GPs to be herded into polyclinics
By Steve Nowottny
GPs face one of the biggest upheavals in their history after the surgeon heading Gordon Brown's review of the NHS unveiled plans for a radical new primary care model.
The Healthcare for London report, written by Professor Sir Ara Darzi, the newly appointed health minister, proposes merging hundreds of GP practices in the capital into a network of so-called 'polyclinics'.
Pulse has learned that SHAs elsewhere in the country are now closely studying the controversial new model, which could lead to the relocation of thousands more GPs. The proposals have caused a storm of controversy, not least because Sir Ara is now heading up what health secretary Alan Johnson has called a 'once in a generation' review of the NHS in England.
The new sites would offer extended opening hours and provide up to 50% of outpatient treatment currently carried out in hospitals. Sir Ara's report envisages the first five to 10 polyclinics being up and running in the capital as early as April 2009, with most practices in London being based in polyclinics within 10 years. Each clinic will house about 25 GPs from up to 10 practices, alongside diagnostics, consultant specialists, outpatient clinics, community services, urgent care and other healthcare professionals such as dentists and pharmacists.
The report predicts that 'over time' the separate practices at each clinic may choose to merge into one large practice. The BMA warned that polyclinics would 'destabilise and fragment' existing GP and hospital services, and GPC acting chair Dr Laurence Buckman said they were reminiscent of something from communist Soviet Union. 'The only place they have happened is in Soviet Russia, which was not especially successful,' he said. 'This review does not bode well.'
Dr Tony Stanton, joint chief executive of Londonwide LMCs, said it would 'destroy the very bedrock of British general practice' if most surgeries were relocated to polyclinics.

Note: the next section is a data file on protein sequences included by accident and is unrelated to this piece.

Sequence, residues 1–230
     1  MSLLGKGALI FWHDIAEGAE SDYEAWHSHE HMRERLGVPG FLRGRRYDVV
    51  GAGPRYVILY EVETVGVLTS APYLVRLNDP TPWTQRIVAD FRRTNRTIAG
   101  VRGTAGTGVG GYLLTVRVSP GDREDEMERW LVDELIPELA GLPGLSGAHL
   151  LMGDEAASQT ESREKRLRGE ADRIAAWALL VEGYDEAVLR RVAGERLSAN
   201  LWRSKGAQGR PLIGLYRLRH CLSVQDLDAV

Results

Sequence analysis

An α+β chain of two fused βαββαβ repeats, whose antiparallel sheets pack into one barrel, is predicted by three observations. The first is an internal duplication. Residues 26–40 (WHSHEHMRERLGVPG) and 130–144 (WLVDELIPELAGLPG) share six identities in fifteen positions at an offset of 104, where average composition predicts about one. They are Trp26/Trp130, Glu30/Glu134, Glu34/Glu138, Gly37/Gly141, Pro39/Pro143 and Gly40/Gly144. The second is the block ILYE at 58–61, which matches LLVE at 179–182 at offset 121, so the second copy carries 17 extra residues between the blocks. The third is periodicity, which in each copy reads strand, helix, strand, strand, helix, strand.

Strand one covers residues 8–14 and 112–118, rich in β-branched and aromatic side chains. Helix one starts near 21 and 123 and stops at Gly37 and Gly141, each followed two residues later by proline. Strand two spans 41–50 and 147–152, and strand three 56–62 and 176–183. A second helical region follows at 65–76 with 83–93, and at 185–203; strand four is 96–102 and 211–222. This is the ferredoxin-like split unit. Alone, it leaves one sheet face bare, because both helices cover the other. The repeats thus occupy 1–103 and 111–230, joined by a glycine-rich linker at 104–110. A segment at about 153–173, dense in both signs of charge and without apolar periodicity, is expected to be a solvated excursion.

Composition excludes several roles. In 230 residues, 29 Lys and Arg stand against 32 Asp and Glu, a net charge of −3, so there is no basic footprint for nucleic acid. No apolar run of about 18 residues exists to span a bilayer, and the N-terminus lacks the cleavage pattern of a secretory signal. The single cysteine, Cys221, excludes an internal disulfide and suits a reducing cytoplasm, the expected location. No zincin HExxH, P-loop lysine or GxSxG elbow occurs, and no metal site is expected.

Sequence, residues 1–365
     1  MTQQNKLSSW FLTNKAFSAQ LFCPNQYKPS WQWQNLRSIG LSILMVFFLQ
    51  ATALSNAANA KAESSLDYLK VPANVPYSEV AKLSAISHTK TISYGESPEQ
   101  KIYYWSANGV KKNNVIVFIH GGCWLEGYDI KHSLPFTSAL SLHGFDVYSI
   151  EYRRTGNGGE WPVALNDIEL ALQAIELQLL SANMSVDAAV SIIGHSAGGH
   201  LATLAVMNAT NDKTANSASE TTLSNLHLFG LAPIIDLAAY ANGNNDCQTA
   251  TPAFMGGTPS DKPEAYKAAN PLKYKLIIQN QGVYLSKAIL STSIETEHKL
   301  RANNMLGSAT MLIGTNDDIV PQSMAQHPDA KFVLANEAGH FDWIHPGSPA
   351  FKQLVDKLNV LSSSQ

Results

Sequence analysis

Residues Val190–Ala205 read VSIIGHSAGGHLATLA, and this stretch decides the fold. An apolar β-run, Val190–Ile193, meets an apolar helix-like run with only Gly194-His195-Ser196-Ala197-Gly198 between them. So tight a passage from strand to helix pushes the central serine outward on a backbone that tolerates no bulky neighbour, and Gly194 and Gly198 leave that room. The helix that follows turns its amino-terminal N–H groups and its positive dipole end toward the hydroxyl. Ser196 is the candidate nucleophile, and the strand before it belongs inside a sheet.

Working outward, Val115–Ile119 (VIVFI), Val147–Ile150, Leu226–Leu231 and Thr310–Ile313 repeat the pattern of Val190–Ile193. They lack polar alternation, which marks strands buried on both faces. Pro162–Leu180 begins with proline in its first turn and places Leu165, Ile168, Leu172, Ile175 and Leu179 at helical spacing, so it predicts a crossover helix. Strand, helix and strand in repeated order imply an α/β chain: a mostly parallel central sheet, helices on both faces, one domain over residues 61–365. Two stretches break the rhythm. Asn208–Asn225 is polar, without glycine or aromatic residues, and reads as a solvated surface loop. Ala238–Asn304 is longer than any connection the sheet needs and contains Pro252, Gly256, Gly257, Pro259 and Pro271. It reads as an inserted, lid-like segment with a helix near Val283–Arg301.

Dr Michael Dixon, chair of the NHS Alliance, also attacked the proposals, adding: 'I don't think it's what patients or GPs want. We need an increased focus on continuity and personal care.'
A spokesperson for NHS East Midlands said it was 'open' to the polyclinic concept. 'We are really interested in the results of the Ara Darzi review and will be looking at it closely to see if there are any models that might work well in the East Midlands,' he said.
NHS South East Coast is planning a series of polyclinics. NHS East of England said it would also consider the polyclinic model and NHS North West and NHS West Midlands both said they would not rule it out.
Primary care centres offering a range of services under one roof are already dotted across some parts of the country, including Tyneside, Yorkshire and the south coast, although PCT-led plans for 'supersurgeries' in Warrington hit the rocks after meeting fierce patient opposition.
Dr Eric Rose, a GP in Milton Keynes and candidate for GPC chair, said: 'When Warrington PCT decided it was going to herd all its GPs into polyclinics and operate on a taxi-rank system, people realised what was happening and got very angry about it.'
A spokesperson for the Department of Health said it would be 'premature' to discuss the wider deployment of polyclinics, ahead of consultation on the plans for London. However, Sir Ara said in his report he did not want to see the report 'just sitting on a bookshelf gathering dust'.
• Most GP practices to be relocated in polyclinics, each with up to 25 GPs, servinga population of about 50,000
• Up to 50% of outpatient treatment to be moved into polyclinics, also housing consultant specialists, diagnostics, community services, dentists and pharmacists
• Polyclinics to offer urgent care 18 to 24 hours a day, and routine GP appointments in evenings and on Saturdays
• Polyclinics could be ownedand run by the NHS, large GP practices, private companiesor foundation trusts
• Existing GP practices will be encouraged to relocate